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Flower Pattern

The process of spiraling is more obvious in some flowers than in others...

flower spiral

Photo: lucapost (flickr)

SunFlower: the Fibonacci sequence, Golden Section…

If you know a gardener who is a math teacher or even just a little bit interested in geometry, an ideal gift would be Keith Critchlow’s book The Hidden Geometry of Flowers.

The Hidden Geometry of Flowers: Living Rhythms, Form and Number
Keith Critchlow (Floris Books, 2011)
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album cover

Actually, any gardener would enjoy this wonderful exploration of patterns manifest in the world of flowers and the discussion of how humans relate to them. The photographs, diagrams, information, and insights provide a treat for the mind and spirit of the reader.

For example, the discussion of spiraling describes how the process is more obvious in some flowers than in others. For instance, the unfolding flower of St. John’s wort has more spiraling than a water lily, and roses unfold with a great deal of spiraling. The book includes many lovely photographs, and there’s one striking photo of the spiral genesis of a single white arum lily.

The author also delves into the way flower faces affect viewers. Flowers, he explains, face three different ways: upwardly toward the sun, horizontally toward each other, or downward toward the ground. The face primarily attracts insects for pollination and reproduction. However, humans also respond to the symmetry, proportion, harmony of form, color, and number of petals in flower faces.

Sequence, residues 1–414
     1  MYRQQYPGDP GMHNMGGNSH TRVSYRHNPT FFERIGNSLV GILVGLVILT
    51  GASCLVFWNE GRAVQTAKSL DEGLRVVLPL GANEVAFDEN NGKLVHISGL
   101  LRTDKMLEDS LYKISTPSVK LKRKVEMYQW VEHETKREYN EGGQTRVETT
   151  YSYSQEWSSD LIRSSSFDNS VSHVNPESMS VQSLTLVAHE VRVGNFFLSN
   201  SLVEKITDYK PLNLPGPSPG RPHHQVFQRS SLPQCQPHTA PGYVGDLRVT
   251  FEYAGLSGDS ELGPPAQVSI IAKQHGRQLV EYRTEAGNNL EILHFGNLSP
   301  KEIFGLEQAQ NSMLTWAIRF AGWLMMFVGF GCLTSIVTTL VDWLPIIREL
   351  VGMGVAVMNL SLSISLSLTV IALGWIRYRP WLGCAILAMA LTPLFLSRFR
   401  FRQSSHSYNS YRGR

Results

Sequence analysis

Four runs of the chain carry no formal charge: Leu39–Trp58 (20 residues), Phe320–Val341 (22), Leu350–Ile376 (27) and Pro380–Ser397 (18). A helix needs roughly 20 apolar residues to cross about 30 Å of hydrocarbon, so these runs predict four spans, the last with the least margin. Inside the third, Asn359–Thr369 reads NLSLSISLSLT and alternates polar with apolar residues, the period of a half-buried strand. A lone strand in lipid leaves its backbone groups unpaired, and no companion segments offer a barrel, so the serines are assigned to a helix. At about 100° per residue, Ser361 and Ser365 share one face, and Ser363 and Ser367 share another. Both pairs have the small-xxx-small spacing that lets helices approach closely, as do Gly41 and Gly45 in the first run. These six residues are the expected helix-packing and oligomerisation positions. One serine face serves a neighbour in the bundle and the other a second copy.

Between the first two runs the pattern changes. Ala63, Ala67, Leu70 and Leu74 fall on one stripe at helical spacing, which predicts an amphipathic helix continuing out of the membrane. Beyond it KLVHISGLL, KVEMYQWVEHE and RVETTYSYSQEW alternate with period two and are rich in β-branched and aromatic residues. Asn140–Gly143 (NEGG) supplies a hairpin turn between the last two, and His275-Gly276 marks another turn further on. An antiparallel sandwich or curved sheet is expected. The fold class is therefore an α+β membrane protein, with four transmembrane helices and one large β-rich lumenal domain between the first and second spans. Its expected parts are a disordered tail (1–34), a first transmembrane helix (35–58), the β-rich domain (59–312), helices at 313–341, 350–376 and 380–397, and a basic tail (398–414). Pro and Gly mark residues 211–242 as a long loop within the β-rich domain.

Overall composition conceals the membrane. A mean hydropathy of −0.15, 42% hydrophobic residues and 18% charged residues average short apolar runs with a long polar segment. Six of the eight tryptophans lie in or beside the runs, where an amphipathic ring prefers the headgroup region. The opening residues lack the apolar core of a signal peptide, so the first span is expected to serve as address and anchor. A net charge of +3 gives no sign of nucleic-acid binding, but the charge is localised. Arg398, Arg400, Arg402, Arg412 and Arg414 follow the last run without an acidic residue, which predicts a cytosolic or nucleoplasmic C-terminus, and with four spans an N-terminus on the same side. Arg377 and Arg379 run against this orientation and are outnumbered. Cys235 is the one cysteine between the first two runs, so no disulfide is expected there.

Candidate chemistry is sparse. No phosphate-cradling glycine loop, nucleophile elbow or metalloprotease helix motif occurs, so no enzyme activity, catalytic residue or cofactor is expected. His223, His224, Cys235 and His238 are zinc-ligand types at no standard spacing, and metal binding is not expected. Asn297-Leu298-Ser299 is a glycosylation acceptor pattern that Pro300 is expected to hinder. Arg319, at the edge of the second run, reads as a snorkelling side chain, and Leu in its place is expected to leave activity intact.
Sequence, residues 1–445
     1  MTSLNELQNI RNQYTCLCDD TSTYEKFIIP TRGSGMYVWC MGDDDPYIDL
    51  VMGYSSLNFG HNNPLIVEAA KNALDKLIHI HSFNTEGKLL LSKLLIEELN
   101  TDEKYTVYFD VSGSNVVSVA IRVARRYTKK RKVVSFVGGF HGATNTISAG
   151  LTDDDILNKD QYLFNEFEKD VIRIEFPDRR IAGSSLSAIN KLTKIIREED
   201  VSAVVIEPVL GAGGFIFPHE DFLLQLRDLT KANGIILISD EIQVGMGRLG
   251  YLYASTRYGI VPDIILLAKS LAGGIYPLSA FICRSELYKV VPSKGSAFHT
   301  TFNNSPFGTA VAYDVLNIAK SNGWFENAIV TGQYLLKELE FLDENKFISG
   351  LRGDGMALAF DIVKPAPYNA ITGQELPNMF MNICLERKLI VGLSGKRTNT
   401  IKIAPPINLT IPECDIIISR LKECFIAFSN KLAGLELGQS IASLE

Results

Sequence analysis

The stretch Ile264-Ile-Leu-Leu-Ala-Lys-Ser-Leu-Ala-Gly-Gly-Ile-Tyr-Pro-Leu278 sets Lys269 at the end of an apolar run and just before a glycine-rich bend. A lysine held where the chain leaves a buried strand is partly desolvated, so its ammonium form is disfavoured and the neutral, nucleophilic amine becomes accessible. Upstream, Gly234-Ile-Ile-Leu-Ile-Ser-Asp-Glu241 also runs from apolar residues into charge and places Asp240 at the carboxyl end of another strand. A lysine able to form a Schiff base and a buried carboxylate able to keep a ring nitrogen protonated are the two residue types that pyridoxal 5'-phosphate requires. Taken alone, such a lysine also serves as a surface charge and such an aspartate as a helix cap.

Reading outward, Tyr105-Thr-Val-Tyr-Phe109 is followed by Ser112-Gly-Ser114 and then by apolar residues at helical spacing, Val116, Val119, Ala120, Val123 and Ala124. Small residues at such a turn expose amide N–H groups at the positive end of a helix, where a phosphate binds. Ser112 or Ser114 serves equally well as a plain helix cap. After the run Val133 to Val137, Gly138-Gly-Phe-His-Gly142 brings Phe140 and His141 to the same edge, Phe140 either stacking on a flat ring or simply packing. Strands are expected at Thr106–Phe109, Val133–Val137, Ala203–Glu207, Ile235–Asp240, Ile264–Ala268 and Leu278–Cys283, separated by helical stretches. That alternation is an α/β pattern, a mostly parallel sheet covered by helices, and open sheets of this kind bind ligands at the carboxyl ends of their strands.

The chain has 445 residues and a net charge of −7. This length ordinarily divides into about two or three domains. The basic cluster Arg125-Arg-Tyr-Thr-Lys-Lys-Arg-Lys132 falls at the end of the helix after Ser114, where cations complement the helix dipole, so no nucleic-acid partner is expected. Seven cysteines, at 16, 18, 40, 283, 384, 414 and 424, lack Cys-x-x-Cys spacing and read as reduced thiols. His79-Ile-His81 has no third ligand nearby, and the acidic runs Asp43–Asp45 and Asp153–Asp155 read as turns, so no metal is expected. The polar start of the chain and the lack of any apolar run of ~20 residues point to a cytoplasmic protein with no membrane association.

In buds, we see the earliest form of spirals, previewing the future unfolding.

Moya Andrews

, originally from Queensland, Australia, served as Vice Chancellor for Academic Affairs and Dean of the Faculties at Indiana University until 2004. In the same year, Moya began hosting Focus on Flowers for WFIU. In addition, Moya does interviews for Profiles, is a member of the Bloomington Hospital Board, and authored Perennials Short and Tall from Indiana University Press.

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